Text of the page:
Monday, 2 April 2012

How's Annie?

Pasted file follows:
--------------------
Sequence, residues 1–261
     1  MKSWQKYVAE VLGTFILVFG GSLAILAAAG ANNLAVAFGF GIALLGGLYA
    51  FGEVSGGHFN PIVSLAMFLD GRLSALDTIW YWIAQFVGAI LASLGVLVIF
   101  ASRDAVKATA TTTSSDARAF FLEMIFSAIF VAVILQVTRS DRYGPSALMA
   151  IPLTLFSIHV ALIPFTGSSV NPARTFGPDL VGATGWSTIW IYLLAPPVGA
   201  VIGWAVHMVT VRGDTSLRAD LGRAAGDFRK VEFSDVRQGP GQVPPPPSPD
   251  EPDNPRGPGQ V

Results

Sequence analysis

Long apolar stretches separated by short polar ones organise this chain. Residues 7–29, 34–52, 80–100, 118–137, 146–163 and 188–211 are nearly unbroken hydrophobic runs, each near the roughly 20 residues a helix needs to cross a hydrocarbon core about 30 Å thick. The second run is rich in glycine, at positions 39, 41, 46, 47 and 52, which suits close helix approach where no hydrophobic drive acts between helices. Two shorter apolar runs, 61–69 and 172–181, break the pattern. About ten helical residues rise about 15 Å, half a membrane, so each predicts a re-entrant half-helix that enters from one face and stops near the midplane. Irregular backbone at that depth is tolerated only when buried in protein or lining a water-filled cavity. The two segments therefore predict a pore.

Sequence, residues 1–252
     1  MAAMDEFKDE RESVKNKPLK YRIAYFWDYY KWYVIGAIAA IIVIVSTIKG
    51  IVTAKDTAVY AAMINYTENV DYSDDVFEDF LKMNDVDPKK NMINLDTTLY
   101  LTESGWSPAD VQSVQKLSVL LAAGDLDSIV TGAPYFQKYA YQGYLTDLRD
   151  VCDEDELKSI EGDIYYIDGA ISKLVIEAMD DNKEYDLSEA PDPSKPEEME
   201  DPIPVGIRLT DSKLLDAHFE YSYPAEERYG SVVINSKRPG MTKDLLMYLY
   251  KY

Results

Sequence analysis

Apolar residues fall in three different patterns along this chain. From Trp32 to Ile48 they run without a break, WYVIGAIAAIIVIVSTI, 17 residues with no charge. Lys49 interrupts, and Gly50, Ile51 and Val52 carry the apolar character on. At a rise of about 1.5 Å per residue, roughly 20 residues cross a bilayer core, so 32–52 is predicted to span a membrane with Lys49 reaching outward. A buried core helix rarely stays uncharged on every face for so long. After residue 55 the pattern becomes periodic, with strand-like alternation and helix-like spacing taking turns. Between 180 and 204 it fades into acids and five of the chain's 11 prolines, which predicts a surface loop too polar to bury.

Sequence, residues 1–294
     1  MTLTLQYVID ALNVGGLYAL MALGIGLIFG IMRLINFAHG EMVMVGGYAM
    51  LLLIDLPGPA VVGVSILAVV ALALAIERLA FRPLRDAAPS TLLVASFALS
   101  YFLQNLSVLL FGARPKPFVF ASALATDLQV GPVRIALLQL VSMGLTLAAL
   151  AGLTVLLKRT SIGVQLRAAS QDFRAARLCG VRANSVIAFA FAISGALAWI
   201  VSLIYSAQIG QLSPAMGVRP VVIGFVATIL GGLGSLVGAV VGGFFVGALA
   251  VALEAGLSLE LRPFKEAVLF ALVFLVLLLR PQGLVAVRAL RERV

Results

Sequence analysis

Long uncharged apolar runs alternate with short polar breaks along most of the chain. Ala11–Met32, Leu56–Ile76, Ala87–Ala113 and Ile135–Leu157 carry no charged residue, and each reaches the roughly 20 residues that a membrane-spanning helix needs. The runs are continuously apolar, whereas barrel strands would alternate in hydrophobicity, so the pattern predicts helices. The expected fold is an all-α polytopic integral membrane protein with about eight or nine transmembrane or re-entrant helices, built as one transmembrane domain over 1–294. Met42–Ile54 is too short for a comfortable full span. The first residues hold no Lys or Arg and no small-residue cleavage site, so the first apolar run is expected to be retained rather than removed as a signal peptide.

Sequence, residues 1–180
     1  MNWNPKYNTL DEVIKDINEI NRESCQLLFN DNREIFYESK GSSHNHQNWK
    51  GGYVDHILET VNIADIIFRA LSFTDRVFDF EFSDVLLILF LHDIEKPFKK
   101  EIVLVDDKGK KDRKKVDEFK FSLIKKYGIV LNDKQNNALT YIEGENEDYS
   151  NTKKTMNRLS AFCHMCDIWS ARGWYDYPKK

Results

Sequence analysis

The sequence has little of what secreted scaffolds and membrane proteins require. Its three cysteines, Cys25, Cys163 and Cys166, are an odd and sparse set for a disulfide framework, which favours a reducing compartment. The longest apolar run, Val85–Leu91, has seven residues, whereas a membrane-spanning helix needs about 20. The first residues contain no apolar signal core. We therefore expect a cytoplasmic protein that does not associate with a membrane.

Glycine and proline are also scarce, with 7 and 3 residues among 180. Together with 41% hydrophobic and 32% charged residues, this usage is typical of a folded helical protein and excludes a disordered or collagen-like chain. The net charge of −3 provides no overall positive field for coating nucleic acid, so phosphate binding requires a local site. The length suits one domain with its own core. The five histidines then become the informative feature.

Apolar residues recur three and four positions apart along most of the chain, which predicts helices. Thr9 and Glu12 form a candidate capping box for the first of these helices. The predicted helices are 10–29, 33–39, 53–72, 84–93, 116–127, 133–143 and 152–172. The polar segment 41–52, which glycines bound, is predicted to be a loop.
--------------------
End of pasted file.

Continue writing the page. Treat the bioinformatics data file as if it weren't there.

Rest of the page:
Water, finding a crack, and in its wake a spinning top of flame. The furor of sun is victory immemorial. (This is what it looks like.) The boy whose voice is breaking - we are in an American diner - drinks down helium from an unknotted balloon, sheds a skin of embarrassment, and no one sees biology. We prefer natural laughter, cohesion. Outside under the billowing stars and stripes a student isn't wearing a shirt, there is hair on his chest; at this time of year the glow from his lighter is untraceable. I am one person in this dream, I cannot find a reflection to confirm this existence. There are several other people I have known, some making strong promises, others conspiring trauma. Inside, a beach ball floats and bounces off windows, studding the dry air with raindrop sounds. Because we are by Brighton beach. Because this is a strange time and place: a year, a book, a malice. I am drinking a vanilla milkshake and it tastes of recycled saliva and soap, and my eyes lift and I say: Evet. A helicopter flies over, transporting a friend ready to see action in the Middle East. A couple of teachers, managing a school trip, stop on the paving and plan their hands over their eyes as they look skywards. Someone is swimming in the sea, close to a buoy. I know the fish are beautiful. A leg twitches, but the dread of a working day has not yet manifested. I have wasted years not sleeping, not loving enough real people. Blue fluid and orange fury weep and war. The cracks multiply, as though a wooden door is being slammed shut over and over, and I can't see whose face the shadow of violent anger closes over. The student - what else could he be on a Wednesday afternoon? - ashes for the last time, puts out. He has moved closer to the sea. He reads a book about memories that are captured and undressed for the world. A tap on a bare, muscular shoulder. Turn a turn. Her face is cruel and gentle. She panics and swallows. Out of her mouth comes more than Brighton; comes the Earth, the hospital in which my mother gave birth. I'm sitting there, in folds of shame. Aporia. And the end of all our exploring / Will be to arrive where we started / And know the place for the first time. A woman takes me in her acid arms and I watch my leg erode. I wake up with cramp and breathe in, remembering that knowing the difference between the reality of dreams and the reality of consciousness is not straightforward. I have remembered less than I had wanted to remember, and I have seen more than I had hoped to see.